The role of the Swedish government in this affair is still not clear. The Social Democrats have promised, again and again, to publicly 'wash their dirty laundry' in this matter.

We're still waiting.

Our society is well regulated. We don't mind that Big Brother is watching. Every citizen is given a personal number at birth. This number follows you everywhere: bank accounts, taxes, phone bills, car registration, stocks, employment records, and so on. Everybody's number is published (with few exceptions, which I will explore in my novel The Paradise Trust) and can be located through the tax office. Using this number, you can find out a man's income, his wealth, his previous wife's maiden name, and his kids' grades in math. Everything is on the official record about us Swedes, but also about the people in power. Every piece of paper lodged with our authorities is public, as well as all the bills and receipts turned in by our officials. Anyone can check every expense by our politicians, union leaders, and other authorities.

Still, they cheat. In the 1990s, an endless line of powerful people were caught going to gambling clubs, brothels, porno theaters, and on exotic vacations at taxpayers' expense. In July 1994, I found a limousine bill that proved that Bjorn Rosengren, the leader of a huge union cartel, had lied about a visit to a porn club during the 1991 election. Rosengren had to resign, and the cartel made it no secret that they thought this was my fault.

These events inspired me to write the novel Studio Sex. Oddly enough, the members of this very union selected me Author of the Year for this book. And everything worked out for Bjorn Rosengren as well. His pals in the party made him governer of Norrbotten, my home region. Today he's the minister of industry in the Social Democratic government.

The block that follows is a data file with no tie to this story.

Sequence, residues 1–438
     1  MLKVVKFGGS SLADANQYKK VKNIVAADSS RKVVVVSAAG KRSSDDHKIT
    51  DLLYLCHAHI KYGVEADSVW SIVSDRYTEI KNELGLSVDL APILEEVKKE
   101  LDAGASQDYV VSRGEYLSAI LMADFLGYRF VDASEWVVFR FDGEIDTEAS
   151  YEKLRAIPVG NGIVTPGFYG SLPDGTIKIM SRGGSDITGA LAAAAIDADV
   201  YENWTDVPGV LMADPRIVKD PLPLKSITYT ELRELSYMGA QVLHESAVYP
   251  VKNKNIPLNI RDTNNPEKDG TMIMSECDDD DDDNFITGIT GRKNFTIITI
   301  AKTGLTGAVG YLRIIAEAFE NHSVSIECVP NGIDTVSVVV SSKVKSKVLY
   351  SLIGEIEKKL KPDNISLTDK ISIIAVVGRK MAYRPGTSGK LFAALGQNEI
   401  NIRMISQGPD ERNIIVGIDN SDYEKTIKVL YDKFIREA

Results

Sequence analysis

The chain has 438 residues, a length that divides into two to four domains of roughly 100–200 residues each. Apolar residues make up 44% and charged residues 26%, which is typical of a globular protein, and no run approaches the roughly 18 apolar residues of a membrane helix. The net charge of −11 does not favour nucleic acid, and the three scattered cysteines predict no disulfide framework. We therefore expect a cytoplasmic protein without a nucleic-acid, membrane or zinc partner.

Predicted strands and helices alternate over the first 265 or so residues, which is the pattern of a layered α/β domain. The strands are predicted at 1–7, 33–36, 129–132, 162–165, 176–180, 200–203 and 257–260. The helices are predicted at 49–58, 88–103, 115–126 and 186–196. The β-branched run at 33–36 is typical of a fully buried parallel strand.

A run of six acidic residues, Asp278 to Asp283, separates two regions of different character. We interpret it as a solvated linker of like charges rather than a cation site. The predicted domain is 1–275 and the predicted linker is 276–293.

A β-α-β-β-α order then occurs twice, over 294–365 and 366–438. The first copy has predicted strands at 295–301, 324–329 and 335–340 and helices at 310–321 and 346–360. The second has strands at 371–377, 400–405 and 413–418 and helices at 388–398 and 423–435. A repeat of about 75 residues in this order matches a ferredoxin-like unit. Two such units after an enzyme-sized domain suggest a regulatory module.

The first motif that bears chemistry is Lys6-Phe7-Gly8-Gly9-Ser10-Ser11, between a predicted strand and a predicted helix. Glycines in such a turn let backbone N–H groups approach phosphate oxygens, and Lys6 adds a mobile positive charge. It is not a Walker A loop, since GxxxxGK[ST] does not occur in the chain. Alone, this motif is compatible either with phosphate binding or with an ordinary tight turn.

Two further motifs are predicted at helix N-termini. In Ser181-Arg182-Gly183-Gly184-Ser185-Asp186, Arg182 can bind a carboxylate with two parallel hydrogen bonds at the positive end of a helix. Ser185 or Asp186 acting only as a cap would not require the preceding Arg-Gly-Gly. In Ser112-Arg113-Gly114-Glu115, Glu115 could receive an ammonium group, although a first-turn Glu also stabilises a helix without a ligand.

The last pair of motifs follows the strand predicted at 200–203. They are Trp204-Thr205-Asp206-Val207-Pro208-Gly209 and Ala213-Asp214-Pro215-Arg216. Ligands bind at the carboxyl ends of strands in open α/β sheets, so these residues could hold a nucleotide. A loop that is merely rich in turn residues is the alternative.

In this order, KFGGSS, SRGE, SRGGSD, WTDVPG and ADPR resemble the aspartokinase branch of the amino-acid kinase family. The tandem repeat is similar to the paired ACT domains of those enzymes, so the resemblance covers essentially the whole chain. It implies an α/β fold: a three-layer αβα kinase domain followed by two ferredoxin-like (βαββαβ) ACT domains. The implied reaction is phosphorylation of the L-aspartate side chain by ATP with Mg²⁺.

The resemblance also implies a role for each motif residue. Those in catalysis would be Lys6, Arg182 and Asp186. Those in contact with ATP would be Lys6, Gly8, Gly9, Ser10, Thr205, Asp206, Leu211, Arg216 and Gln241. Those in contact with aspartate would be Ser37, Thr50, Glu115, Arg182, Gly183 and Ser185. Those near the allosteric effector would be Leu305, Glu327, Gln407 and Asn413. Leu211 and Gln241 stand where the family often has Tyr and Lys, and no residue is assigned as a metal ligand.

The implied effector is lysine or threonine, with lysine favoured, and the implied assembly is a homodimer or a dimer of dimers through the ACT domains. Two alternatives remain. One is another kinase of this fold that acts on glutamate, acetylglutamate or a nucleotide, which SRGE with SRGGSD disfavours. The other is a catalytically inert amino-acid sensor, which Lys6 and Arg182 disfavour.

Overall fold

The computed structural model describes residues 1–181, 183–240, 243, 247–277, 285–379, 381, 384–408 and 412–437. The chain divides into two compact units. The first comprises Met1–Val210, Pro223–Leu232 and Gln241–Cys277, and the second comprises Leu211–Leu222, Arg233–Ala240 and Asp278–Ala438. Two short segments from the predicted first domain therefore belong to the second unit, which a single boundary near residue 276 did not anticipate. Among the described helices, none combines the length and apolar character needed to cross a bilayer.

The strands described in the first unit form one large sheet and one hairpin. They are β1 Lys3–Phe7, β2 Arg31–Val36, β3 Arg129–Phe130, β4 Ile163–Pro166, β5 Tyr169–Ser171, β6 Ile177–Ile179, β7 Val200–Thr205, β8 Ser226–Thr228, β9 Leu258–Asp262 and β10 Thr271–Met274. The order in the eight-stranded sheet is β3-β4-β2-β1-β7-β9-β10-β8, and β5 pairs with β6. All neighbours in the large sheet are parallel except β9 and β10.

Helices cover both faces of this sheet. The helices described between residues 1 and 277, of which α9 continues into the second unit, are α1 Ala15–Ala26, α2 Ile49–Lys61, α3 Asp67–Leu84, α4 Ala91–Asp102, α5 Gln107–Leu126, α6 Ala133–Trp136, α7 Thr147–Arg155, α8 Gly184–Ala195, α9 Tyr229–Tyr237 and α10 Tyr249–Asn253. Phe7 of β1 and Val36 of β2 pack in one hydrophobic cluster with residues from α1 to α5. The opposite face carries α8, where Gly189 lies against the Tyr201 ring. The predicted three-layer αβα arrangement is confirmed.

All of these affairs have, of course, been brought to the attention of the Swedish people by the media. The Swedes read more newspapers than those of almost any other nationality, probably because all nongovernmental broadcasting was forbidden until the late 1980s. Until then, we had two state-run TV channels and three state-run radio stations. Broadcast news programs have always been strict, official, and uncontroversial. Investigative journalism and groundbreaking news have usually been found in the tabloids.

The Swedish evening papers blend the serious and the popular in a way I haven't seen anywhere else: investigative work sits next to celebrity scandals. The papers have a true love-hate relationship with their readers. Swedes love to discuss and question the tabloids and cuss at them too. Lately, a debate has centered on a mentally disturbed drug addict who was convicted of the murder of Prime Minister Olof Palme in 1986. Later, he was acquitted by the appeals court and is, therefore, a free man. In the last ten years, the man has received 1 million Swedish kronor from the tabloids and the new commercial TV stations, mainly for giving interviews. This is still not acceptable practice in Sweden and has been strongly condemned by sections of the public. The murder of Olof Palme remains unsolved to this day.

I wish you exciting and thoughtful reading.

Liza Marklund

Avarua, Rarotonga

New Year's Day, 2002

A Few Words Before You Begin To Read

The events in this book take place nearly eight years before those of my previous novel, The Bomber.

Chronologically, Studio Sex is the first in the series about the crime reporter Annika Bengtzon. When we meet her here, she has just started work as a young freelancer at the tabloid Kvallspressen.

Have a good read!

Liza Marklund

Halleforsnas, July 1999